I don’t recall anybody ever saying the Bulls were better without Scottie Pippen, or the early 2000 Lakers were better without Kobe Bryant. This was hard evidence for just how other-worldly LeBron’s season was earlier this season. There was a Bryan Cranston at the Emmys type of feel about LeBron and the MVP award this year. It was his to lose. Nobody was close.

Then March 20th happened. In a game against the Phoenix Suns, with the outcome already decided, James and Grant Hill crashed into each other diving for a loose ball. The collision was so violent, there was talk James might have suffered a concussion. Three nights later, he had a surprisingly subpar effort against Detroit, going 6-15 from the field for a puny 17 points. Granted LeBron had 10 assists, four steals, and his team won, but with LeBron the expectations are always higher than everyone else’s.

Two days later, in a much anticipated Sunday night matchup with the Oklahoma City Thunder—and more importantly, prime rival MVP candidate Kevin Durant—both LeBron and his team floundered. The result was a seismic shift in the race. LeBron went head to head with Durant and was badly outplayed. For the first time, LeBron’s five fingers appeared to be slipping off the trophy.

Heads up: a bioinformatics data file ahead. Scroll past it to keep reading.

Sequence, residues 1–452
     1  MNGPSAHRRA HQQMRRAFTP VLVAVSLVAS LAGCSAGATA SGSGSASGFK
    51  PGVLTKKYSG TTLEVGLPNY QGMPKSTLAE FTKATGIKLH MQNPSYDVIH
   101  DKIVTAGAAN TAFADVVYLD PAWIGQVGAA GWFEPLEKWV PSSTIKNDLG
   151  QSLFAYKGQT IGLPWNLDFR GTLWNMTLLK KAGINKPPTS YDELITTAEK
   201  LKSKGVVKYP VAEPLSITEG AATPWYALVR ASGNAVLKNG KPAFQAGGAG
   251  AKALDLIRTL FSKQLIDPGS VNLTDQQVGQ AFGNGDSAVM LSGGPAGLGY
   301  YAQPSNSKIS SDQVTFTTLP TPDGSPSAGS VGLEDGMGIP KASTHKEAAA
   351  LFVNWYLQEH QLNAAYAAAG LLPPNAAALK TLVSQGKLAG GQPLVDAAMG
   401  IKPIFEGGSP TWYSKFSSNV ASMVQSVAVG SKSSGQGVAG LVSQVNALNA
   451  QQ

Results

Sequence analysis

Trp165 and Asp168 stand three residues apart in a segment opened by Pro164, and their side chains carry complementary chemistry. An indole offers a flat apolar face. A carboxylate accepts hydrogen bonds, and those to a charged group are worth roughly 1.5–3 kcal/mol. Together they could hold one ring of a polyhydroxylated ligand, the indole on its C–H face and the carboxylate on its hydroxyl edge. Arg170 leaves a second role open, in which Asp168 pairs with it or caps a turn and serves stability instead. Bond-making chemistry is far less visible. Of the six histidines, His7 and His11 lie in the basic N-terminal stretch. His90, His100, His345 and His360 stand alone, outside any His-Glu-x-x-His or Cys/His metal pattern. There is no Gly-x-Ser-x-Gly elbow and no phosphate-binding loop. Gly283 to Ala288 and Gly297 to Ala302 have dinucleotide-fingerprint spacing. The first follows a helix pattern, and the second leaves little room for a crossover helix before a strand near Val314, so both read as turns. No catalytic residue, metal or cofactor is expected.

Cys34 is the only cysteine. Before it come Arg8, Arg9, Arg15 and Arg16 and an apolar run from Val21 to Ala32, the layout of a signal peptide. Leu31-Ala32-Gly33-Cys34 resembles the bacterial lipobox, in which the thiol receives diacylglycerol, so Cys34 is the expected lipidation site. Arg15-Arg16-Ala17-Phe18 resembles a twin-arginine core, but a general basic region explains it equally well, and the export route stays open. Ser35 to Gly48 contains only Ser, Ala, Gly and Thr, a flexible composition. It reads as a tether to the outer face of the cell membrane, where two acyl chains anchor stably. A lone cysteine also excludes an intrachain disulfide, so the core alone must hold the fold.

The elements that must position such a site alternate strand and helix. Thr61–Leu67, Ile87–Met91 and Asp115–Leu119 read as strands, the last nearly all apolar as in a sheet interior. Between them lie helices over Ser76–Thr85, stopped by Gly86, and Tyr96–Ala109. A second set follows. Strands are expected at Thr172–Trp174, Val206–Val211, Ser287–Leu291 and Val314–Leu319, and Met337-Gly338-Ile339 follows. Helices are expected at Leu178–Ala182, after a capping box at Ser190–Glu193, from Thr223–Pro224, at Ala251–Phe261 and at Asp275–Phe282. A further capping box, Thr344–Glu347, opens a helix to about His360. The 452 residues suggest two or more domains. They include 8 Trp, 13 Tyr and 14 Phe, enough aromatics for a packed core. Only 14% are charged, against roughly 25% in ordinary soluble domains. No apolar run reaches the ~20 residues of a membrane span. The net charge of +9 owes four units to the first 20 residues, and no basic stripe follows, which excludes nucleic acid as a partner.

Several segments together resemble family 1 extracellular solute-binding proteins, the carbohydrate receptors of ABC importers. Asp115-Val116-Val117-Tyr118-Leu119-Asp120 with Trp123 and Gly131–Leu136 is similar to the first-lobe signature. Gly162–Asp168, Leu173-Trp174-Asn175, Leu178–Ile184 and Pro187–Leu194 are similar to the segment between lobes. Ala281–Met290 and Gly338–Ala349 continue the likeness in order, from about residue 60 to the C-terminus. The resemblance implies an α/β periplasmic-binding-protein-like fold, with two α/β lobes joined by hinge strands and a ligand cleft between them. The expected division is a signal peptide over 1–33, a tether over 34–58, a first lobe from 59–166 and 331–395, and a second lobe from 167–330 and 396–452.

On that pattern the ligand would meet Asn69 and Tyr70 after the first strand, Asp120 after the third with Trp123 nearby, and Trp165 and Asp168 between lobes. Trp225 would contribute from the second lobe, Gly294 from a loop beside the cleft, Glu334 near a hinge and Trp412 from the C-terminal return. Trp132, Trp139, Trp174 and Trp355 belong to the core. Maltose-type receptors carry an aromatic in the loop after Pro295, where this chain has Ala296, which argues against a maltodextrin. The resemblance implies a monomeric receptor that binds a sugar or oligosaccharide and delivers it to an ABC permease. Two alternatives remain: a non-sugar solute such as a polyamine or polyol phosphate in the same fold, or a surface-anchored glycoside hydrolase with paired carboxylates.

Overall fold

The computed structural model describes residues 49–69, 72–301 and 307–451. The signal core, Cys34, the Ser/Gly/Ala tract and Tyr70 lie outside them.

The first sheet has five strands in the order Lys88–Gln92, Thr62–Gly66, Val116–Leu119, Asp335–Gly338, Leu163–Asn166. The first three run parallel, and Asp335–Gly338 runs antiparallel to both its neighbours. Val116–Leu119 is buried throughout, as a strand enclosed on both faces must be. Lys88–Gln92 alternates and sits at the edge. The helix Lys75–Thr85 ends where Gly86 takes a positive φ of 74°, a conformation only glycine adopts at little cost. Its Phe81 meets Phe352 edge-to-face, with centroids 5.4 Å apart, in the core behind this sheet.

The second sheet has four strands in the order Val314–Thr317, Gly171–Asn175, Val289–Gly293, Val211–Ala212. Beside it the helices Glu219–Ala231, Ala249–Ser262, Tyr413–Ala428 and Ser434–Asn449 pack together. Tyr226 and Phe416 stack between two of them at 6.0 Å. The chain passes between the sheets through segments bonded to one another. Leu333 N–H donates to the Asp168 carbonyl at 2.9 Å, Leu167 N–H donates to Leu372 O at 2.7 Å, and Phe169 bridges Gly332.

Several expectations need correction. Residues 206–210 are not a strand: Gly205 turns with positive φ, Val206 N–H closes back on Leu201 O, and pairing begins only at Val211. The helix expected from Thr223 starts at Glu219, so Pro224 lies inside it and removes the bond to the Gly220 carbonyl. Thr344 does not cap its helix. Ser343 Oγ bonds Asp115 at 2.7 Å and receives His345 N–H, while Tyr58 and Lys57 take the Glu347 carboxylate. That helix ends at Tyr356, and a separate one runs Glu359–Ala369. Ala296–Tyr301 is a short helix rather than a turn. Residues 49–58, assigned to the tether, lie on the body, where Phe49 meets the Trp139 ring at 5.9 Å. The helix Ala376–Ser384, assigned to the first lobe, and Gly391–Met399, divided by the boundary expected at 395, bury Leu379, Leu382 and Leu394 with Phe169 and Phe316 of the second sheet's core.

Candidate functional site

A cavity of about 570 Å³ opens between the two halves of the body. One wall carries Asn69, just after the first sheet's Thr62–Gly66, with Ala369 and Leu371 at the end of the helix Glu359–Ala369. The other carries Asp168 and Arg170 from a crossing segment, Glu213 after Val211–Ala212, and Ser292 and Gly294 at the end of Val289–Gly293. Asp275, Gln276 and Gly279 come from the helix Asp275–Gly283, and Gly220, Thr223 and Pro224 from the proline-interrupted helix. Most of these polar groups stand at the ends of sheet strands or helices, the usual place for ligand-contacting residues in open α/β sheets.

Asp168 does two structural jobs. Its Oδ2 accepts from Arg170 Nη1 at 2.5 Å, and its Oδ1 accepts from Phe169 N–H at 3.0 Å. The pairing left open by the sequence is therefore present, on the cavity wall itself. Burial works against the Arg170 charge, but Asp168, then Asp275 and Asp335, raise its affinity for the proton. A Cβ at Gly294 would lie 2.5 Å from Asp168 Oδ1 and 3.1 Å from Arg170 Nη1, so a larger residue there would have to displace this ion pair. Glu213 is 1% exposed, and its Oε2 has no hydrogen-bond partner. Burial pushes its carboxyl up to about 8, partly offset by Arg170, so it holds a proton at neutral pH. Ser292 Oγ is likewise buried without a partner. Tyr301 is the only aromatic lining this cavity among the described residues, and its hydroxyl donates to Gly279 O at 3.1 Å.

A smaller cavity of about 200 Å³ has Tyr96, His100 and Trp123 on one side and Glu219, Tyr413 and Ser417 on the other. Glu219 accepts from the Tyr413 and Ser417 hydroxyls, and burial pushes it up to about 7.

Exactly one week later, the Heat were handed their worst loss of the season, and James recorded 0 assists (passing is the largest advantage his game has over Durant’s) while the Thunder handed the league’s best team (record wise) their worst beating in recent memory.

Between the win against Phoenix on March 20th and last night’s 41 point demolition of Philadelphia, Miami was 3-3, playing like an average basketball team at best. And LeBron’s MVP candidacy is on the ropes like a popular politician enduring a sex scandal in early October.

The trophy is officially up for grabs.

As we go into the three main components that decide who should be named MVP, it should be noted that for the rest of the season, this is a two horse race; it would be “Dwayne ‘The Rock’ Johnson has been nominated for an Osacr” type shocking if either LeBron James or Kevin Durant did not win. They’re the two best players in the league, and until further notice, their respective teams are headed on a probable collision course this June.